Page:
A delightful viral thread of a woman, Miss Potkin, going on chore strike rang bells globally, with nearly 200,000 likes and earnest foreign news reports, as she documented, gleefully, the deteriorating hygiene situation in her home.
It’s a strategy endorsed by the relationship therapist Esther Perel. “If you really want the other person to take out the rubbish,” Perel says, “you have to be able to spend two weeks not doing it. You don’t say anything. You just wait until the other person finally notices.”
Eventually Miss Potkin’s partner clocked the teetering mountain of dirty dishes and cleaned the kitchen, but not before resorting to a tiny plastic weaning spoon to stir his coffee.
Although the sight of him piteously scraping hardened cereal residue into the bin was deeply enjoyable, I noted with familiar disappointment that he did not empty the metal filter for catching sink detritus. “That’s my job, apparently,” said Miss Potkin in one video, a phrase I know I have hissed, word for word, this week about the exact same task.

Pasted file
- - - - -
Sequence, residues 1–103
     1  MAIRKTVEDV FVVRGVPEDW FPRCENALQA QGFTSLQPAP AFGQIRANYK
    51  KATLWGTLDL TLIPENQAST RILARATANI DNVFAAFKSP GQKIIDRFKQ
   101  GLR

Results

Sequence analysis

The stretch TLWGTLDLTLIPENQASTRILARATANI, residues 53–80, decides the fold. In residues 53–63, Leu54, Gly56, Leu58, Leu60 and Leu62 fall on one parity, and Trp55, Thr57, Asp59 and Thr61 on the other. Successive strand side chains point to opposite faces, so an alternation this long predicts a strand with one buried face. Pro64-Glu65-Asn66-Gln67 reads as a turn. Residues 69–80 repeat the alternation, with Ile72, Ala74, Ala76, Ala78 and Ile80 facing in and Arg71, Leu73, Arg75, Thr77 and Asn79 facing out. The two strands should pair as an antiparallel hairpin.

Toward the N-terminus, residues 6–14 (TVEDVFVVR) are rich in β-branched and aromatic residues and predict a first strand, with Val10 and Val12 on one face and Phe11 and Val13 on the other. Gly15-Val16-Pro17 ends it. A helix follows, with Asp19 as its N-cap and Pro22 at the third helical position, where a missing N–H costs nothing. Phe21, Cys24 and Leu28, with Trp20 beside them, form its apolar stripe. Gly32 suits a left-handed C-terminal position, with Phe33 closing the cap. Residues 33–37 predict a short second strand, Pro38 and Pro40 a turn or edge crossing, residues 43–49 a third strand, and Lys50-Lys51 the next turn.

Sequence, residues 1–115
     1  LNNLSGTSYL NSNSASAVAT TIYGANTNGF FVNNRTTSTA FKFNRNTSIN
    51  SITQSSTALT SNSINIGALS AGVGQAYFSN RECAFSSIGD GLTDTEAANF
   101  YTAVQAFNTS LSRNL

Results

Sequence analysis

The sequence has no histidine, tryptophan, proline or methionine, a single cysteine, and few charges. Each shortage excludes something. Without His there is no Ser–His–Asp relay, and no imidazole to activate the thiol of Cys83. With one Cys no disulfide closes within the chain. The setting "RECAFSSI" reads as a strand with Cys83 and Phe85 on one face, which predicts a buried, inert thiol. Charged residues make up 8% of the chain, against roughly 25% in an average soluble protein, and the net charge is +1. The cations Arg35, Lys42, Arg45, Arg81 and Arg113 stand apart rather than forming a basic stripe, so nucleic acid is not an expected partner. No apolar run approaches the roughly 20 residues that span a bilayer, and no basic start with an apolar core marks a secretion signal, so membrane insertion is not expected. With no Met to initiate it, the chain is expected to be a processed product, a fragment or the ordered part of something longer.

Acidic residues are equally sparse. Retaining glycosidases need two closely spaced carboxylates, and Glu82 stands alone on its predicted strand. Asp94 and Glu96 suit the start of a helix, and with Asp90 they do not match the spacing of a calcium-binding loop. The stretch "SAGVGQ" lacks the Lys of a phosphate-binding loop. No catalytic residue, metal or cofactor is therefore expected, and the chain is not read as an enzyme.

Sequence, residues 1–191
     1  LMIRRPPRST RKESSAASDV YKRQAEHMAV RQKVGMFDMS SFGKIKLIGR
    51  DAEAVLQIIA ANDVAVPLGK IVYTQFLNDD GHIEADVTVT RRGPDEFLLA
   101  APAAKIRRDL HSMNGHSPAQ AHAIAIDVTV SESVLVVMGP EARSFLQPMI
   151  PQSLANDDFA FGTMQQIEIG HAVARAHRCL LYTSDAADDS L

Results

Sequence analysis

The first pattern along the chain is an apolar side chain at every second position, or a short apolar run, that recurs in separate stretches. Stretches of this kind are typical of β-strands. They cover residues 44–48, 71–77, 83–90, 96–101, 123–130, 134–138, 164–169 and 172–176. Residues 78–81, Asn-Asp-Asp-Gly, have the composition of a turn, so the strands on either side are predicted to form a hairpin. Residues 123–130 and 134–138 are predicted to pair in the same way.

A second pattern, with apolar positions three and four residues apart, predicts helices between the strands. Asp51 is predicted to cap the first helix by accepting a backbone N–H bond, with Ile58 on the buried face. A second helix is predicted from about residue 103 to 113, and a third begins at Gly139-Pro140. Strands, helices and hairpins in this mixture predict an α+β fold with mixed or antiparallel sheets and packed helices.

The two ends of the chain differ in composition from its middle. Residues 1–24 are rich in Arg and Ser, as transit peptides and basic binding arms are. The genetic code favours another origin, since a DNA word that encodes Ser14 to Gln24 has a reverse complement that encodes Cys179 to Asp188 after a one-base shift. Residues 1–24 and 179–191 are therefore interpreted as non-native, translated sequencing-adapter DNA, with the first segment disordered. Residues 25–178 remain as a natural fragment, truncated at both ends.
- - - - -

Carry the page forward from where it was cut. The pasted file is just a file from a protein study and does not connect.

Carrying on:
I have been both of these people. Now I am the sink basket scraper, but I used to be a plastic spoon criminal. I once maintained with absolute confidence that the vacuum cleaner didn’t work, when actually I did not know how to turn it on. Partly, I thought I was taking a feminist stand against my gender destiny, but mainly I was lazy. I know what it’s like to not notice squalor, then be baffled at the heat a few days of slobbishness generates.
People change and roles reverse, but chores and the mismatch in how much any given cohabitants care about them are tragically eternal. However watertight our rotas or enlightened our division of labour, we will always be locked in a dance of resentment versus bewilderment over tins left “to soak” and unrecycled cider bottles (completely random examples, natuurlik). That’s where the Perel/Potkin strategy falls down: if you can ignore an overflowing bin for a fortnight without losing your mind, it wouldn’t be bothering you in the first place.